Abandoning the politics of what tariff should be charged, let us consider the enabling Law establishing NCC which is the Nigerian Communications Commission Act, 1992 as amended in 1998 ("the NCC Act") vis-à-vis the power of NCC to regulate the telecommunications industry, tariffs and NCC funding.

NCC Act:

Section 2(1) of the NCC Act provides that some of the objectives of NCC includes: “to ensure that licensees or authorised carriers and other providers of telecommunication services and infrastructure meet their commercial obligation and such other obligations specified under this Decree in a manner which promotes co-operation and fairness ”.

Section 2(d) of the NCC Act also provides, as part of the objectives, “to protect licensees and the public from unfair conduct of other providers of telecommunication services, with regard to the quality of service and the payment of tariffs ”.

Section 2(j) in addition provides that NCC shall ensure “the protection of licensees from misuse of market power by other carriers”.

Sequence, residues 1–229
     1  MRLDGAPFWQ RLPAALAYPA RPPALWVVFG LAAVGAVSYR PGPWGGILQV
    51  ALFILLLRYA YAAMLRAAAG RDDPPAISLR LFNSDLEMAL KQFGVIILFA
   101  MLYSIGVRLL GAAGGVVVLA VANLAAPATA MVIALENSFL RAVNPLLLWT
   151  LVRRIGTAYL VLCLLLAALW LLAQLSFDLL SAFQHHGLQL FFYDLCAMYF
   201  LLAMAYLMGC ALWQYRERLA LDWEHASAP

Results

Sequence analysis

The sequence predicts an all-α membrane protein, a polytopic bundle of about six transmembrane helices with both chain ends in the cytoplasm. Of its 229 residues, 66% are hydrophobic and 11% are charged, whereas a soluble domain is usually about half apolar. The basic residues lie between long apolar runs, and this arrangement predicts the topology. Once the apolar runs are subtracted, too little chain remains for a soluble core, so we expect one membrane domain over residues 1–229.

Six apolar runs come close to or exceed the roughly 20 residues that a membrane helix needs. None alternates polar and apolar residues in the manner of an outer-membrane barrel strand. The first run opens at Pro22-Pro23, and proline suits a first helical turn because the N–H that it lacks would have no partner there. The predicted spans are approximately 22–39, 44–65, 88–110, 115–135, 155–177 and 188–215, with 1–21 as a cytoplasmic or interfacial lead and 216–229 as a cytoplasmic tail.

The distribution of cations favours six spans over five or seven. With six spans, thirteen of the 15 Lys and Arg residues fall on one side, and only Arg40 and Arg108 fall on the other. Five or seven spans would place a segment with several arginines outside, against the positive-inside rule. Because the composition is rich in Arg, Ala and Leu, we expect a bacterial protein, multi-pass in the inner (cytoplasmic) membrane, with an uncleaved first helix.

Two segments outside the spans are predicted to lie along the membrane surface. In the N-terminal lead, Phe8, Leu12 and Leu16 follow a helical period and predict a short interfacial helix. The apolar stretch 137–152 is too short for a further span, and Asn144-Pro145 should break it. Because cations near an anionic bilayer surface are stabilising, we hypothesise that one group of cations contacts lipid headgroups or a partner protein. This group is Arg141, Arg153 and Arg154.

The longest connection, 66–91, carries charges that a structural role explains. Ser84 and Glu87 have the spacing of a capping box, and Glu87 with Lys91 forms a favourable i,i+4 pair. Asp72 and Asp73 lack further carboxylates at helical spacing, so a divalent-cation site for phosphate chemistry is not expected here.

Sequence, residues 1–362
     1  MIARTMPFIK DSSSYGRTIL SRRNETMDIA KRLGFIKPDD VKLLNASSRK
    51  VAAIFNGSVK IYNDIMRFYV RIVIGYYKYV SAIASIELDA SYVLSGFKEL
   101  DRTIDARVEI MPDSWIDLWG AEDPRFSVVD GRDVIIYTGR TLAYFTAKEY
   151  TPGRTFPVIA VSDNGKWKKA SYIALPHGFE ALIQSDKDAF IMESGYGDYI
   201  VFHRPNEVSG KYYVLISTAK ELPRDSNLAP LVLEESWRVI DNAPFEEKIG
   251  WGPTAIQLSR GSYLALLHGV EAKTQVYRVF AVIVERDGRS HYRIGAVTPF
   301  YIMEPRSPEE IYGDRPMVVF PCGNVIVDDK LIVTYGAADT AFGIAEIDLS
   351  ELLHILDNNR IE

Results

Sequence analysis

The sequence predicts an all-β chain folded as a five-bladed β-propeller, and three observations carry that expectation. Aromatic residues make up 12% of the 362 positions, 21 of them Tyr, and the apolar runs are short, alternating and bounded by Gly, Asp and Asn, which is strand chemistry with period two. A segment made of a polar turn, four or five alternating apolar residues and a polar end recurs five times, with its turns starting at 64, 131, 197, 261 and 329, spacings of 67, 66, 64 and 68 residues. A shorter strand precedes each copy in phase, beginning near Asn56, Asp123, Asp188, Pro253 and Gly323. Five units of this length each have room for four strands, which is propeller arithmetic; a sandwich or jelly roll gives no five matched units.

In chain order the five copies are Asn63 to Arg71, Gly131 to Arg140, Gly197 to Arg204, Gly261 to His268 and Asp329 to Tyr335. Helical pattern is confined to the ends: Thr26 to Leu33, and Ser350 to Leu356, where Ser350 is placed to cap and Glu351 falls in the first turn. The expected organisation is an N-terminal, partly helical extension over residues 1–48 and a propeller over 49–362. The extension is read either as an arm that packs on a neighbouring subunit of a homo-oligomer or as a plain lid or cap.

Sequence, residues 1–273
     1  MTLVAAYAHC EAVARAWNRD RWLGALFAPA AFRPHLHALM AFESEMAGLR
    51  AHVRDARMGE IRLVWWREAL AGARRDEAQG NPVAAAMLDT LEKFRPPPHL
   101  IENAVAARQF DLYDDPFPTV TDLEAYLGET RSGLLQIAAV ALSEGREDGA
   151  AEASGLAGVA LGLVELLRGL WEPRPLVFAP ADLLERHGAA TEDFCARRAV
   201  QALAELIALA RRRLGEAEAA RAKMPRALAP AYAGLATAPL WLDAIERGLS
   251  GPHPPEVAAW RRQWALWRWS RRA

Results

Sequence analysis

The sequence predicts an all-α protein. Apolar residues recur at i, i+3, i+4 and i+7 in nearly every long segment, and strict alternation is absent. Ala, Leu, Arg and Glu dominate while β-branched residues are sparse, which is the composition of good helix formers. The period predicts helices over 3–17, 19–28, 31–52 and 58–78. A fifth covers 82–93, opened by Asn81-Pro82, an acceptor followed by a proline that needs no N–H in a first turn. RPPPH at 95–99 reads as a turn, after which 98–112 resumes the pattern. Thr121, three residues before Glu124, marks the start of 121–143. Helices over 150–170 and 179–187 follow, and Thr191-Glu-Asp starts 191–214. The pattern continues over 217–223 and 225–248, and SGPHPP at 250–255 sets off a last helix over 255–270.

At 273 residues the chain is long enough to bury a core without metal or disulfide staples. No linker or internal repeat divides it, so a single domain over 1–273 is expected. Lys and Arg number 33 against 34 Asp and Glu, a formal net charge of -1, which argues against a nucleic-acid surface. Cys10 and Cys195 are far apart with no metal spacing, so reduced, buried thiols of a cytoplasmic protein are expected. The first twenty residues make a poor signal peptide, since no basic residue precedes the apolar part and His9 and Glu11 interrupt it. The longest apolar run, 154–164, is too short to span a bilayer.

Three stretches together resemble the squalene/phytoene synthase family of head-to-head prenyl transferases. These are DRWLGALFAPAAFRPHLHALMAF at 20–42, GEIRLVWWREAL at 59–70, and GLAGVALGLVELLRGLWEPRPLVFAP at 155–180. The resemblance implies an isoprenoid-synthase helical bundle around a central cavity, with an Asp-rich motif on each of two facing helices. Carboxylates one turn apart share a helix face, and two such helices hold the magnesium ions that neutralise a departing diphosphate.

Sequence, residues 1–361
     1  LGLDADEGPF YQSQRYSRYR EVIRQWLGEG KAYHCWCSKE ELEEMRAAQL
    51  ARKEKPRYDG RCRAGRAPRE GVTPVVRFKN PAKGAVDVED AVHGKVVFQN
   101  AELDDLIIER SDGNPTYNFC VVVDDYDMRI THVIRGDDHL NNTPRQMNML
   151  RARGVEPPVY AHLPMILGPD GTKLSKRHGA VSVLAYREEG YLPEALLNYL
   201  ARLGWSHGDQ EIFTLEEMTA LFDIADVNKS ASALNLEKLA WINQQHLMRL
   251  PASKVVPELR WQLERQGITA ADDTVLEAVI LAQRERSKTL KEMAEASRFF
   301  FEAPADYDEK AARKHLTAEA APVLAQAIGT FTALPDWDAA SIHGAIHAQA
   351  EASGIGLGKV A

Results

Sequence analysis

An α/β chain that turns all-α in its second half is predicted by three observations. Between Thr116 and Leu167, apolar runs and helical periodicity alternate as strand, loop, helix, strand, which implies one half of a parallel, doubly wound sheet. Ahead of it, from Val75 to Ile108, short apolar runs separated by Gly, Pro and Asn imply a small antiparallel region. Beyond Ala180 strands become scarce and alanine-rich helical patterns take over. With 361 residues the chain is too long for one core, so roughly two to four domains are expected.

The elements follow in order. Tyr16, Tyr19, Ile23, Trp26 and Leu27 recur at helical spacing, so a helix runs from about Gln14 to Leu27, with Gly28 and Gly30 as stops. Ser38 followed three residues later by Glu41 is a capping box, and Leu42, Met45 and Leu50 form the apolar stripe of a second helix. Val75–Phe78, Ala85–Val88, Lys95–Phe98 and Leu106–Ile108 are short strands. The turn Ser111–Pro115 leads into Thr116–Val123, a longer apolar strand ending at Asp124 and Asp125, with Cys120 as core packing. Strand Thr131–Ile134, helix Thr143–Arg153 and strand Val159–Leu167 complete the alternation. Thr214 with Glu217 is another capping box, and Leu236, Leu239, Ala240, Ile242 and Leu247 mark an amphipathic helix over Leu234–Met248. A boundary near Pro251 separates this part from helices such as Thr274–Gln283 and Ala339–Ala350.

Section 26 of the NCC Act provides that “the Commission may with the approval of the Minister make regulations generally for the purpose of giving effect to the provisions of this Decree and may in particular without prejudice to the generality of the foregoing provisions make regulations to the following matters, that is:

(d) tariff charged by operators ;”.

Note that all the underlinings above are mine.

Under the old “NCC guidelines for considering applications for a Licence”, it is provided that “ …. The need to protect a fair return on the investment of existing licensees should not be an obstacle in the granting of new licensees in any enterprise or location”.

The NCC “form of application for Licence” requires in paragraph 4.2(f) and (g) the furnishment of a business plan, which should detail the proposed amortisation period of the investment and the proposed tariffs.

Nigerian National Policy on Telecommunications